For some of us, it’s pretty hard to believe in the whole Spring Thing just now — at least it hasn’t snowed here in… what, two weeks now? And it hasn’t rained in two whole days. The sky is a bit of blue, behind the gauzy veil of high clouds and fog… it might be coming, but…
I’ve believed before, I have. And have been shocked by cold fronts that knocked the blossoms of the trees. And speaking of blossoms, where are they? Where are even the leaves!? I swear, fruit trees don’t bloom in this place until the end of May. It’s enough to drive a California girl crazy. Berrying season seems to be in September. What, then, is the point of spring at all?
A high of 56°F makes me ridiculously happy. I can hear birds. And eventually… at some point… more than just the hardiest of crocuses (crocusi?) and daffodils will burst forth. When the city is in bloom, it really tries hard to make up for the months and months of gray, mucky, ugly, yuck.
I’m in some doubt about when it’s coming, but… I’m willing to believe.
“The First Spring Day,” by Christina Rossetti.
I wonder if the sap is stirring yet,
If wintry birds are dreaming of a mate,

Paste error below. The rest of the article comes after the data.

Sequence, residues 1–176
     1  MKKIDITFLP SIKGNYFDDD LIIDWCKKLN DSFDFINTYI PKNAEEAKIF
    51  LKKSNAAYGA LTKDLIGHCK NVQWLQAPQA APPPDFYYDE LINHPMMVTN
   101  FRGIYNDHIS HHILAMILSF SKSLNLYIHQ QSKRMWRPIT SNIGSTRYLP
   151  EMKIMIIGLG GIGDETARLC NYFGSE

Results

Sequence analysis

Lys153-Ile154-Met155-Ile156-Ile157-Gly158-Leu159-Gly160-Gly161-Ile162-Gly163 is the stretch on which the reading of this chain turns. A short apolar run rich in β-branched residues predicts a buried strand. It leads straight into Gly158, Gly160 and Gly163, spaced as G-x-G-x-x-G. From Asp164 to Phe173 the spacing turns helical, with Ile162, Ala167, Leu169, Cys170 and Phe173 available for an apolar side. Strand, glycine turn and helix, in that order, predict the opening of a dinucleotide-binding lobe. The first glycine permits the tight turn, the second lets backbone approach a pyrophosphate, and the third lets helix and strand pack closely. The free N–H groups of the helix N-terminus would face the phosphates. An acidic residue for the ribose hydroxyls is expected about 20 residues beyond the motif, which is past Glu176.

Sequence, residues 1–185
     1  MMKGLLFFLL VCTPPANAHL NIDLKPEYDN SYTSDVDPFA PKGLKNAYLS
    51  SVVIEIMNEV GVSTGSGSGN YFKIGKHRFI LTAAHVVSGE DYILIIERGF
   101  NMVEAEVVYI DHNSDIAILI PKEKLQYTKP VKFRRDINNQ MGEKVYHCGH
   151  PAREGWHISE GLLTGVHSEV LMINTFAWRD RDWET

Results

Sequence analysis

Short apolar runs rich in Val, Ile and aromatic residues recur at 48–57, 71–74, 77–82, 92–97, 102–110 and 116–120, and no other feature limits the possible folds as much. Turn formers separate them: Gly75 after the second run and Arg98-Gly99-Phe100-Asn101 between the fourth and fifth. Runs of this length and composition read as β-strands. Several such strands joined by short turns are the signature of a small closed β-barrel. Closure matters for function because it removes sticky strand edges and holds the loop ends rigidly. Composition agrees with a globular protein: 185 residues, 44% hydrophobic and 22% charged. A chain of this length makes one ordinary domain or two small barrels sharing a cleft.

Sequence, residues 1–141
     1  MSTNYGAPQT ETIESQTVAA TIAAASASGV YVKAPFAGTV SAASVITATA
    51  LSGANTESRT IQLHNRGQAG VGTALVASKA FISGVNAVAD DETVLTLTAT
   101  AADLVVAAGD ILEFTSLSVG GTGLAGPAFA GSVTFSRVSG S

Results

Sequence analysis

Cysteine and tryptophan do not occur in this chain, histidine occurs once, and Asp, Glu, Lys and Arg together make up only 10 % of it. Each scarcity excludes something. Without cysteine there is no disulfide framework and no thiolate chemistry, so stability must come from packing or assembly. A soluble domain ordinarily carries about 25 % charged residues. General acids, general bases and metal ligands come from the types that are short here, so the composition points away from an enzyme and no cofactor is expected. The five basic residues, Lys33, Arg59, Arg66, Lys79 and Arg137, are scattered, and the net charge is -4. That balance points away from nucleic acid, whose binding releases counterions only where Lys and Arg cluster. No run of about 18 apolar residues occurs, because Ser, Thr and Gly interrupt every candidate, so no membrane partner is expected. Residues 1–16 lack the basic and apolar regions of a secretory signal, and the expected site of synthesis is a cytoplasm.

If frozen snowdrops feel as yet the sun
And crocus fires are kindling one by one:
Sing, robin, sing;
I still am sore in doubt concerning Spring.
I wonder if the springtide of this year
Will bring another Spring both lost and dear;
If heart and spirit will find out their Spring,
Or if the world alone will bud and sing:
Sing, hope, to me;
Sweet notes, my hope, soft notes for memory.
The sap will surely quicken soon or late,
The tardiest bird will twitter to a mate;
So Spring must dawn again with warmth and bloom,
Or in this world, or in the world to come:
Sing, voice of Spring,
Till I too blossom and rejoice and sing.
Many poems are turned into classical songs. I’m kind of hoping this is one — I can imagine a gorgeous arrangement. The poetry Friday round-up is over at Elaine’s, at Wild Rose Reader. Enjoy this doubtful Spring day, wherever you are…